By ARNOLD A. AUGUSTE, Publisher/Editor
There was a meeting at Ryerson University last weekend to discuss an issue regarding the Africentric School. We at Share only found out about it when some people called to ask about it. They said they were told that the Black principal, Thando Hyman-Aman, had been removed from the school and replaced with a White principal. They wanted to know if that was true.
In spite of the opposition to this school when it was first announced, even from Premier Dalton McGuinty, it has been an extraordinary success…under the leadership of Hyman-Aman. So, what gives?
Share has been a firm supporter of this school from the beginning. When all the mainstream newspapers – and even other community publications – came out against the school, we stood steadfast in our support. We never wavered once. So, if there is a problem I would think someone might have given us a heads-up. Maybe those who called the meeting don’t read Share and are not aware of our interest.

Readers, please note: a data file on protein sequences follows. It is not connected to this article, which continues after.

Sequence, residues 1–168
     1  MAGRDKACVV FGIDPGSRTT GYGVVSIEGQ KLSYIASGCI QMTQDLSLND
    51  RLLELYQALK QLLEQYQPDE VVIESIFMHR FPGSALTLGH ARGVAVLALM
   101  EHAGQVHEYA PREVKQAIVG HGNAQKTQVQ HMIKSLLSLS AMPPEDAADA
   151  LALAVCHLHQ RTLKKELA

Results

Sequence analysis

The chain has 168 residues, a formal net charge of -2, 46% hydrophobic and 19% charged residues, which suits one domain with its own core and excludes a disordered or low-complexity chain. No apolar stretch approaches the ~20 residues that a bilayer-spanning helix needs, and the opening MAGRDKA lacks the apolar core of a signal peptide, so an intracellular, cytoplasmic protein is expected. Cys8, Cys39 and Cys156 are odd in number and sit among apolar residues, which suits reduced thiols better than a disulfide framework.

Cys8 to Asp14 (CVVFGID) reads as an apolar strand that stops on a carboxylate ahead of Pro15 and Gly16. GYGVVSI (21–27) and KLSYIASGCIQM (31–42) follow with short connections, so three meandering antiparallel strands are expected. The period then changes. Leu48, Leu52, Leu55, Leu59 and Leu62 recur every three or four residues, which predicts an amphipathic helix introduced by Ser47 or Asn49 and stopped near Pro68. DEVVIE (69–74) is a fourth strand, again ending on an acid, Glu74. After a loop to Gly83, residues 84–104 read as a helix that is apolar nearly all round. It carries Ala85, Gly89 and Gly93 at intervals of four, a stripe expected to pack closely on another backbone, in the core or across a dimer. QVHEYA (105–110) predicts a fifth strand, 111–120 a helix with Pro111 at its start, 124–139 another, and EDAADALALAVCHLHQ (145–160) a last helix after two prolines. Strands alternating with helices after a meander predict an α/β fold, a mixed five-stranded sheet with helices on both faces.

As it turns out, Hyman-Aman had been at home for the past three weeks as a result of a complaint laid against her by the parent of one of the school’s students. We have also learned that this is not the first time that particular parent has complained about her.
From what we understand, the complaint is not serious and the investigation should wrap up shortly. If that is the case, why has it taken so long and why has this principal been removed from her job for three weeks?
And, why are we just hearing about this?
In the old days, when there was an issue of concern in the community, there would be open discussions, public meetings, demonstrations and what have you. How come this has been kept so quiet? Where are all those people who crammed the Jamaican Canadian Association’s center in the summer to support a fundraiser for the school?
If it was true that this Black woman was replaced by a White man to head the Africentric School for which so many have fought so hard for so long, shouldn’t we be storming the gates? At the very least, shouldn’t we be calling very publicly for answers from the Toronto District School Board (TDSB)?